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What a 40-foot Whale Taught Me About Respecting Our Planet

Yesterday morning began Shavuot, a Jewish festival of first fruits and a holiday that reinforces the value of social and environmental justice. For me it began as a typical holiday morning when the kids are off from school. We stayed in bed “a little” late, snuggled for awhile, ate breakfast and began preparing for our family to arrive and celebrate the day. I had no idea how significant this holiday would turn out to be.

In the midst of chopping salad, I heard helicopters overhead and paused for a moment. I didn’t have to wonder long. I received a call from my editor at Five Towns Patch (I write a column there based on the passion and commitment EcoOutfitters has for solar energy), asking if I could head to Atlantic Beach to check out reports of a deceased 40-foot whale that had washed ashore.

When I arrived, I was overwhelmed with an emotional mixture of amazement and sadness. It’s one thing to know whales exist and see them on a movie screen, but a gigantic 40-foot whale less than two feet in front of you really drives nature straight to your heart. I believe that seeing and smelling a whale from that perspective elevates all of your senses and makes your heart grow larger.

Which is why, after I had filed my reports for  Patch and was interviewed by Long Island Press, I contemplated bringing my children to the water’s edge. After much thought, I decided that this was a teaching opportunity — an experience for my son and daughter to truly comprehend the awesome power of nature with their own eyes.

My 7-year-old son Coby eloquently expressed what I had felt hours earlier upon first seeing the sight: “It made my heart crack open. The whale’s children and parents must be crying… but Mommy, I am happy that the whale is now in heaven and he or she can see everyone he loved that died.”

My 10-year-old daughter Danielle had a different perspective. “It’s very sad to see a mammal die. I really didn’t like seeing the blood in the water and the smell was awful. I hope I don’t have to see something like this again.”

I echo Danielle’s sentiment, but the experience got me thinking. It’s amazing to note that finback whales are common and live just off our shores. Yet how often do we even consider the thought of sharing the water with such large creatures as we boogey-board and splash around in the waves all summer long? Amidst our activities, they are there.

It made me stop and realize: We coexist with extraordinary mammals but somehow we have trouble coexisting amongst ourselves. Why?

Life happens, and so does death, whether you’re 5-feet-something-inches tall or 40 feet. We rarely get a chance to witness such sights as the one my children and I saw today. Though it was heart-wrenching, seeing the enormity of life (and of death) makes one really appreciate our planet and the amazing creatures that inhabit it… big and small.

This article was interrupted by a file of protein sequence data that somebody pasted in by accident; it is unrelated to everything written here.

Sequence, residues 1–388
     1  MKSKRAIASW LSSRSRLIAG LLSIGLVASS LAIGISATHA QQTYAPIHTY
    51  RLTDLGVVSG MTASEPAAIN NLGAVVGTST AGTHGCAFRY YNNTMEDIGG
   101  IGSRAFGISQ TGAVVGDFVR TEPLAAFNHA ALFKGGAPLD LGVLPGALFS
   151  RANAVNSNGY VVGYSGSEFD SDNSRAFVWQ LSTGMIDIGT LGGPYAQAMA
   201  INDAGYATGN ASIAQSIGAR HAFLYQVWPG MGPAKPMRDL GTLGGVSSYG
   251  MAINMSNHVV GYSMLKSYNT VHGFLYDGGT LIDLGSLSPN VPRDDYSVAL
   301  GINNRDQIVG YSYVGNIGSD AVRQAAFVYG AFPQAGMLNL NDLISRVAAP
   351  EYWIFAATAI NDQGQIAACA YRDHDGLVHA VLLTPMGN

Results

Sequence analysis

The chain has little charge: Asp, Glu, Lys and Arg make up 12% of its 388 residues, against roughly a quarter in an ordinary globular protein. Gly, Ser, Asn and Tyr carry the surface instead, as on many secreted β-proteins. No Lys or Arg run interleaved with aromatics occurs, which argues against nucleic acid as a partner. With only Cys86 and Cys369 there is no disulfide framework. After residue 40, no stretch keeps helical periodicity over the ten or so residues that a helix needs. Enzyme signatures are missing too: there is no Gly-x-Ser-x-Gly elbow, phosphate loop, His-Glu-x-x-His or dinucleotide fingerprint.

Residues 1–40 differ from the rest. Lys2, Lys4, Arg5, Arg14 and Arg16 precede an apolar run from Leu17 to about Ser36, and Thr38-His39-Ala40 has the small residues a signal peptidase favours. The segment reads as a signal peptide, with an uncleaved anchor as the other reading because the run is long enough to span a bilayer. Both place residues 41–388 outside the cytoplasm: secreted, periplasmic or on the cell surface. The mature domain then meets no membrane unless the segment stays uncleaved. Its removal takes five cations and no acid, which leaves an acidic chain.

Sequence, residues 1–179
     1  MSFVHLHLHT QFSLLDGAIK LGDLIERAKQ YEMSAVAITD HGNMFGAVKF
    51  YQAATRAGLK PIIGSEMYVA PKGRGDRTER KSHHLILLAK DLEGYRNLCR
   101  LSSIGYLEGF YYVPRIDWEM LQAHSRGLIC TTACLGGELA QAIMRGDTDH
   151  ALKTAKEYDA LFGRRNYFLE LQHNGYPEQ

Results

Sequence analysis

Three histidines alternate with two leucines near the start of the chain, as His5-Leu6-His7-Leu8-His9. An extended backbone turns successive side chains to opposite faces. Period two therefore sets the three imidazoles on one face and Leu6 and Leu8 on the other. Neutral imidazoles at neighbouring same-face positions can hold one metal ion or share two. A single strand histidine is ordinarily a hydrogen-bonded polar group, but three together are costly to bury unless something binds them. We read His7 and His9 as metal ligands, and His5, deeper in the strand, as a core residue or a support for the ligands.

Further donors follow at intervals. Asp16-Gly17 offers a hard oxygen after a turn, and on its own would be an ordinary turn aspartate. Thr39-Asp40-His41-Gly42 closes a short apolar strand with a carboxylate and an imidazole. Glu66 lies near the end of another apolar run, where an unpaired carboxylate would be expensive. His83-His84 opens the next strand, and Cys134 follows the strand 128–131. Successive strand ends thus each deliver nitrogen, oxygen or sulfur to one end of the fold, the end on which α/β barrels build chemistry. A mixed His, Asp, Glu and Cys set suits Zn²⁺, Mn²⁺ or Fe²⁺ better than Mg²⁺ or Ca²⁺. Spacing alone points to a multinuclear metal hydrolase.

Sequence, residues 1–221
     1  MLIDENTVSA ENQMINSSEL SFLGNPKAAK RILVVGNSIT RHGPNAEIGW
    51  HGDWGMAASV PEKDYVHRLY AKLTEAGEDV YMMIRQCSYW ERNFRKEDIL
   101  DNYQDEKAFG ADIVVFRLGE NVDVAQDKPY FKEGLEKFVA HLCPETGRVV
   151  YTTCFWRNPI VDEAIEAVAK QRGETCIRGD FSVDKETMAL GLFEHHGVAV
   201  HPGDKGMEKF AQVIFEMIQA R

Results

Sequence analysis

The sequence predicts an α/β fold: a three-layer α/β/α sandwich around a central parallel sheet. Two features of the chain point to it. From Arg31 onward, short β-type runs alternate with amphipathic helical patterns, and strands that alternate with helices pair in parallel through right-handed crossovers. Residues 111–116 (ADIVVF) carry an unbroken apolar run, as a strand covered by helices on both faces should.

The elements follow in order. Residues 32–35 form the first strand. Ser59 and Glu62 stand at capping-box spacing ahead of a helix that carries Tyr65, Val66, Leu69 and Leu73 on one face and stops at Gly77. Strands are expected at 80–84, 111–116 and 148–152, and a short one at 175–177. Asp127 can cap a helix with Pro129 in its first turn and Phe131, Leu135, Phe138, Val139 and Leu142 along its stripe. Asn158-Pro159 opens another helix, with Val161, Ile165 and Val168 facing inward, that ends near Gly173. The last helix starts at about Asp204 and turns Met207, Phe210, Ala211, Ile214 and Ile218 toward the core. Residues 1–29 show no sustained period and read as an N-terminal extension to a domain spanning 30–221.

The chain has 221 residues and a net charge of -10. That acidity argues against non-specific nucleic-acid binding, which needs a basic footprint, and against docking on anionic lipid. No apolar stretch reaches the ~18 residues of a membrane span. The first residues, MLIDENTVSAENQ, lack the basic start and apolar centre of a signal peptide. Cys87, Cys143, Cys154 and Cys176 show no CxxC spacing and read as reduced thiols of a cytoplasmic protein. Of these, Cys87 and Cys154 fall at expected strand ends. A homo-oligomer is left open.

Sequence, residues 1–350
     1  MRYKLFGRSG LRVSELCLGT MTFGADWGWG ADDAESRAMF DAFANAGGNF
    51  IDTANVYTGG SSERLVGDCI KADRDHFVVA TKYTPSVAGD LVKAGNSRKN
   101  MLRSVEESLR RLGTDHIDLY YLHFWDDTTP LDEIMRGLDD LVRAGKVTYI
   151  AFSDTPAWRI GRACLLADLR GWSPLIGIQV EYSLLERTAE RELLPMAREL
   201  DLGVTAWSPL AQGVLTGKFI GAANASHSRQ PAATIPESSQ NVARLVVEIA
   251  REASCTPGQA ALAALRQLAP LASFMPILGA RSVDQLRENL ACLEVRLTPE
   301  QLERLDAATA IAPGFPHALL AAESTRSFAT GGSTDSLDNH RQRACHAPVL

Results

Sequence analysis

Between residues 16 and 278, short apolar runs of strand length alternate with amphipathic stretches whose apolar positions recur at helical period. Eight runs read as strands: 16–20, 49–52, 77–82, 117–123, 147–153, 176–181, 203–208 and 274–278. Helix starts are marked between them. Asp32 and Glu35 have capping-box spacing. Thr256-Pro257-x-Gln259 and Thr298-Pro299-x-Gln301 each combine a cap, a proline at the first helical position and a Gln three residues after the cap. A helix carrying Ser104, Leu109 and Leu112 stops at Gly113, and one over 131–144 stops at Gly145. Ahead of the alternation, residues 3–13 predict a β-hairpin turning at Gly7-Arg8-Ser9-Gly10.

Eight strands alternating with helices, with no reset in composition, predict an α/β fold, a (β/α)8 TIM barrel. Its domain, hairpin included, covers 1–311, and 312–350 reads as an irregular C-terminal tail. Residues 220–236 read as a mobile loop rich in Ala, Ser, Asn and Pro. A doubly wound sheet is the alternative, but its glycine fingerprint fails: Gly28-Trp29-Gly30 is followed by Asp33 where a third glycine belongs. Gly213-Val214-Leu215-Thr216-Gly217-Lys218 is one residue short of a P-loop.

Later in the day, we sat around the dinner table out on the deck surrounded by family discussing our morning’s experience and the holiday.  Shavuot focuses on first fruits, newly harvested grain and is basically about honoring “the land”. As I looked up into the glaring sun and saw the solar panels on my roof, I felt a sense of pride. We must make the effort, go the extra mile, and respect our intriguing planet in every way possible. Life is too large and too precious to take for granted. While we can’t stop the circle of life, there are plenty of ways to take control and keep our environment clean for all walks (and swims) of life to stay healthy.

Happy sun shining day to all!


Post Written by
For Raina Brett Russo, taking care of the environment is a necessity, not an option. Having grown up in Israel, a place where conservation is required and solar hot water heating is the norm, Raina knows the importance of solar energy. Through her work with the EcoOutfitters.net team, Raina found a way to help grow the solar industry in a significant way. As the founder and host of #SolarChat, a bi-monthly "gathering" on Twitter, Raina and her team have created an engaged solar think-tank community that comes together regularly for collaboration and networking with the ultimate goal in mind of spreading the solar message.


  1. Tara Hutchinson says:

    Raina, I really enjoyed reading this. Thank you for sharing!!!

  2. Dawn Allcot says:

    Raina, A beautiful, heartfelt post. That must have been something to see! I’ll look for your interview in Long Island Press, too. Very cool!